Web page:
Wednesday, July 12, 2017

LifeLong Learning Applications 2017/8

Lifelong learning courses applications will be open from Wednesday 12th July to Friday 4th August.

The information booklet will be distributed in your local council in the coming days.

Courses can be viewed online on www.lifelonglearning.gov.mt

One can apply through various channels:

one can apply online
one can apply at the Directorate's office in Floriana - guidance services will be offered to provide necessary information on level and type of courses - payment is accepted either as card payment or by cheque - opening hours are from 8:30am till 12:00pm
one can apply at the one stop shops in local communities found in;
i. Vittoriosa (Birgu): Leap Center for the Southeastern Region, St Edward Str Vittoriosa
ii. Qormi: Oratory Str, Qormi
iii. Paola: Paola Local Council, Gnein Pawlu Boffa, Triq il-Knisja, Paola
iv. Birkirkara: Birkirkara Social Security District Office, Civic Centre, Floor 1, Triq Tumas Fenech, Birkirkara
v. Qawra Social Security District Office, Leap Centre, Triq il-Frejgatina, Qawra

Payment in the one stop shops is accepted either by card or by cash.

4. one can apply through the local councils - payment can only be accepted by card, if the person only has cash available kindly direct them to the closest one stop shop in the local community.

#Malta

www.lifelonglearning.gov.mt

Sunday, July 9, 2017

Localise not centralise

Are local councils equipped to meet the needs of their respective localities? Do they have enough funds and authority to govern? I believe these are key questions which need thorough debate, especially when local councils are so close to citizens’ everyday needs.
Government funding of local councils has increased in the past years. Indeed, in 2017, Malta’s 68 local councils received a total of €35.5 million from government, an increase of €3.5 million from 2015. High earners include St Paul’s Bay (€1,684,906), Birkirkara (€1,283,056), Mosta (€1,185,524) and Sliema (€1,110,593).
The government will also engage in a road-building programme in the next seven years. It recently announced that it would take over this responsibility from local councils, which are finding it increasingly difficult to cope with hefty demands in this sector.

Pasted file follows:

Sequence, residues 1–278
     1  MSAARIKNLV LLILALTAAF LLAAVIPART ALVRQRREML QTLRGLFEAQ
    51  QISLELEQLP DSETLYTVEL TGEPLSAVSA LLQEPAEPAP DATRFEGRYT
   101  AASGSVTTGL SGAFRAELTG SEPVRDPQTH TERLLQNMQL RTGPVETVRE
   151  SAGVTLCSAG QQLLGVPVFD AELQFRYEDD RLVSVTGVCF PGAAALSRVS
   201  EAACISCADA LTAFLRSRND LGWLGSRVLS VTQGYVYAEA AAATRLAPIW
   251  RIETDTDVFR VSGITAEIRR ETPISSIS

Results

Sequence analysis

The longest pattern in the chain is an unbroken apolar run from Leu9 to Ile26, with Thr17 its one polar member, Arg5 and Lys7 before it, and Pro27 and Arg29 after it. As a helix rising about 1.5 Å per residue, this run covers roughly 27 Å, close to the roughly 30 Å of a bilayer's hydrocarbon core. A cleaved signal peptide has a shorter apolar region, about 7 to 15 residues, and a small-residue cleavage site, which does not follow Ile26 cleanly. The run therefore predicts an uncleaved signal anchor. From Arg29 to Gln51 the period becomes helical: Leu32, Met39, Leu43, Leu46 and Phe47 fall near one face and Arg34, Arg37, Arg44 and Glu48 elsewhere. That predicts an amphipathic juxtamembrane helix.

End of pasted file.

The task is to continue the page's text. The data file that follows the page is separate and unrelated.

One expects that in the near future government elaborates on its intentions and consults accordingly. For example, will the road building programme covered by the government include pavements? Will the  government’s plans affect local council funding? Will local councils be responsible just for patching of roads, or would councils still be expected to budget for full-road asphalting? And who will decide on which roads will be prioritised?
Going back to the original question of this article, let us keep in mind that local councils have very limited options for the generation of other revenue. Sure, local councils may apply for EU funds and for discretionary government schemes. They may also generate some revenue through permit fees, adverts and the like.
But it is more than evident that something has to be done to ensure that local councils may adequately cover their growing demands and needs. These include not only infrastructure and waste management, but also educational, cultural and social initiatives which are very important for social cohesion, integration and community building.
Ideally, Malta’s local agenda should emphasise decentralisation to ensure that no government, entity or sector has excessive power. This should be accompanied by subsidiarity, where decisions are taken at the lowest level possible, meaning that decisions which can easily be taken by local councils needn’t be taken by ministers or authorities.
In addition, more state-owned land should be devolved to local councils. This may include public car parks, public buildings and heritage sites. Local councils can then manage such areas in the best interest of the locality, possibly generating funds in the process. Such funds can then be used to help finance local programmes and initiatives.
Unfortunately, Malta’s government is progressively moving towards the other direction. Apart from discretionary schemes referred to earlier in this article, we are witnessing increased centralisation of power.